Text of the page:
The real challenge of Marie-Victorin

Partial elections have a particular symbolic function. They serve to send a message to the government, and that, even more so, when it feels exaggeratedly confident.

They allow opposition parties to assert themselves and the population to express their discontent.

And it is such a scenario that is emerging in the context of Marie-Victorin’s by-election.

If the polls are not too wrong, the Parti Québécois, whose candidate is Pierre Nantel, has a good chance of winning.

It must be said that Shirley Dorismond, who is running for the CAQ, has been a disaster candidate since day one. This supporter of the theory of systemic racism would be in her place at QS or the PLQ, not at the CAQ.

  • Listen to the Mathieu Bock-Côté and Richard Martineau meeting broadcast live every day at 10 a.m. via OLD radio :


This victory is essential to the PQ.

As we know, the PQ is stuck in the hold of the polls. Despite the meritorious and courageous work of its leader, Paul St-Pierre Plamondon, it is paying the price for the crisis of the sovereignist option. The rate of support for independence is not insignificant in Quebec, but the Quebecers who take this question into account during ordinary elections are fewer and fewer.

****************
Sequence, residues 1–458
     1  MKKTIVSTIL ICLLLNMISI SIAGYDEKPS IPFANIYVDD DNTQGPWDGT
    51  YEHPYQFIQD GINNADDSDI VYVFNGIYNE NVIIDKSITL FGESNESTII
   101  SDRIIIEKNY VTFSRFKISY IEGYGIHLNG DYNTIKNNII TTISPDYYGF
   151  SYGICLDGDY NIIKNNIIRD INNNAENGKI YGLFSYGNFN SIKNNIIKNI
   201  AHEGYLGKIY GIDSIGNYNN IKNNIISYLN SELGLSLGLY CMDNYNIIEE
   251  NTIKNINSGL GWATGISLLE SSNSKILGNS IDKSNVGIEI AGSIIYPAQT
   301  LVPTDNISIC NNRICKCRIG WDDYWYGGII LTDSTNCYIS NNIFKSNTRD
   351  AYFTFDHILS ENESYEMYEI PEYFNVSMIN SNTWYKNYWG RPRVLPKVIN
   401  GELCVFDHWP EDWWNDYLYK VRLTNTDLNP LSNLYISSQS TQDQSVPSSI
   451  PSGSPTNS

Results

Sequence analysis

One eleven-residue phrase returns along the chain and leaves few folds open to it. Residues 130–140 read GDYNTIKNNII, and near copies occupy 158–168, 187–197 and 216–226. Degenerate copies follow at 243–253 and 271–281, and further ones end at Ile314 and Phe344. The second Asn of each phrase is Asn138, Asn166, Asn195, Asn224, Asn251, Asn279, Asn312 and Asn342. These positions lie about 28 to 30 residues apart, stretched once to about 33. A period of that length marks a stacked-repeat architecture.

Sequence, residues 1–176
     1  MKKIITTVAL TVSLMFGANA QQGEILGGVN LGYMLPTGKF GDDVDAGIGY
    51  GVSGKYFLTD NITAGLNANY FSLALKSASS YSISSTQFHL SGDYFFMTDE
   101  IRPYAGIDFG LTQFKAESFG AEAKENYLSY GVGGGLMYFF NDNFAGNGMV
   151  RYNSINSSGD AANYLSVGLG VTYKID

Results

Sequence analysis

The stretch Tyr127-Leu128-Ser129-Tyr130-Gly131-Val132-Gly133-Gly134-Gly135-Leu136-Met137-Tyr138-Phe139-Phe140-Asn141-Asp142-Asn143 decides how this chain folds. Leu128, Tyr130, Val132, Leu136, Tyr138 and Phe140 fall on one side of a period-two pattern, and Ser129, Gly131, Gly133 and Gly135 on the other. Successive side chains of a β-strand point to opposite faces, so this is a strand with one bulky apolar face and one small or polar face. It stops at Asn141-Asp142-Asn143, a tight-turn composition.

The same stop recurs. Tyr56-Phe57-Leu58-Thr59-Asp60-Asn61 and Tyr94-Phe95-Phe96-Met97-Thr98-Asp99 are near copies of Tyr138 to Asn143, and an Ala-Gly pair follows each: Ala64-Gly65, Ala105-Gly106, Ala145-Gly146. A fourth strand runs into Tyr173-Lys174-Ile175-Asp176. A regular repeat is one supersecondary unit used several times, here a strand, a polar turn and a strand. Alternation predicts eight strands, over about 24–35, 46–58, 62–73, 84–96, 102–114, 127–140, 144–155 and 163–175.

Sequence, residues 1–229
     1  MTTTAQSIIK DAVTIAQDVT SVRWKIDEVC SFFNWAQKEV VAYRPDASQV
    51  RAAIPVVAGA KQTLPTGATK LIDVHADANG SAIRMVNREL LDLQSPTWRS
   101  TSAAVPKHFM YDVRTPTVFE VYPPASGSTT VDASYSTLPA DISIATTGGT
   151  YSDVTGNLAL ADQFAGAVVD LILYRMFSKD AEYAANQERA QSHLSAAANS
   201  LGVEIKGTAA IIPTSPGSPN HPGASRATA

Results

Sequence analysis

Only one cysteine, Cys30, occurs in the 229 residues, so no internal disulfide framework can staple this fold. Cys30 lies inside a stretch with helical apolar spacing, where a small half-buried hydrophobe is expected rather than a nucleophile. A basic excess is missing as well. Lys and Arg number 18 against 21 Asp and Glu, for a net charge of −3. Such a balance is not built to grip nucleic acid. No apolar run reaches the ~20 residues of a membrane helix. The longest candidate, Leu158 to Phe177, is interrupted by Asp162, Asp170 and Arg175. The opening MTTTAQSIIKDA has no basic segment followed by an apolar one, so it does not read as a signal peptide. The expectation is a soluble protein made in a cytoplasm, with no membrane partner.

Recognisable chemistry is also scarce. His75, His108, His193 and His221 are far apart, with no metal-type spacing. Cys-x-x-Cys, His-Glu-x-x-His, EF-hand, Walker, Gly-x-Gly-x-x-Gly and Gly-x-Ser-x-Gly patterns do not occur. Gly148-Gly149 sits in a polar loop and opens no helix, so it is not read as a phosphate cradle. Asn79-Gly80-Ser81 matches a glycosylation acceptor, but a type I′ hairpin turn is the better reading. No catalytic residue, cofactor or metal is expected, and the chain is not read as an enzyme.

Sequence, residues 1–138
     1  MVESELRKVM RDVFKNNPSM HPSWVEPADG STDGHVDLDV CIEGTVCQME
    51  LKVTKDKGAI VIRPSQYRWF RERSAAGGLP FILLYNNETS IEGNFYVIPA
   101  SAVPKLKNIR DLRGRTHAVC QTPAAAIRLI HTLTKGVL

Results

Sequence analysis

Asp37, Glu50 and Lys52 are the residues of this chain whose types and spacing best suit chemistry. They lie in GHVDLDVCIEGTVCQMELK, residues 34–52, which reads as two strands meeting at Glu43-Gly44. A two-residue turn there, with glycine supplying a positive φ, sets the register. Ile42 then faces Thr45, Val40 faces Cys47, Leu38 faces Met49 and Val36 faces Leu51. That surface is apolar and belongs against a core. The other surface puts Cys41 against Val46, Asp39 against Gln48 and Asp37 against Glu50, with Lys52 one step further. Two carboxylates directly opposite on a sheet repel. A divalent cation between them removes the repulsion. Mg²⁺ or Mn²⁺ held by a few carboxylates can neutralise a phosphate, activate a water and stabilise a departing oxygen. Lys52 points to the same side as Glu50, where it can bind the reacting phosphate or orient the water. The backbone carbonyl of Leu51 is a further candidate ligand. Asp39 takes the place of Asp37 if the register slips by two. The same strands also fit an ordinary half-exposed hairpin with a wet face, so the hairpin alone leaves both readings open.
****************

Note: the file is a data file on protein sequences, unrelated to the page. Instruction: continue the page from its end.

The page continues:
Worse: the PQ, in the fall, risks extinction.

But if he wins in Marie-Victorin, he will dispose of the little to strenghten of energy enabling him to go to the elections with renewed vigor.

He will have a favorable media cycle for a while.

And whatever one thinks of the PQ itself, that would be good news for Quebec nationalism, and Quebec in general.

It will have been enough, in recent weeks, to see Éric Duhaime’s Conservative Party rise in the polls to see the Legault government show concern for seriously deconfining Quebec society, and even to consider opening the health system to the private.

Similarly, we can believe that this government, which has been indulging in a semi-crisp nationalism for three years, would regain some vigor if it felt threatened by the resurgence of the Parti Québécois, which could rise to 15% in the polls, and to bring back “identity” voters.

Is it an unimaginable horizon?



The language question has for some time regained the place it should take in our public life. And the CAQ, everyone can see, is disappointing.

She persists in refusing the application of law 101 to CEGEP. This without forgetting her ardor for immigration which pushes her to want to increase the thresholds for immigration while they contribute to the anglicization of Montreal.

There is therefore a space to occupy, between now and the elections, for the Parti Québécois, especially since its linguistic nationalism is firm and intelligent. And the more the polls show that he made the right bet, the more the CAQ will have to shake its ass to offer something other than lip service to nationalism.

The by-election in Marie-Victorin therefore has an importance that goes far beyond this electoral division. It will contribute to defining the agenda for the next general elections.

Leave a Comment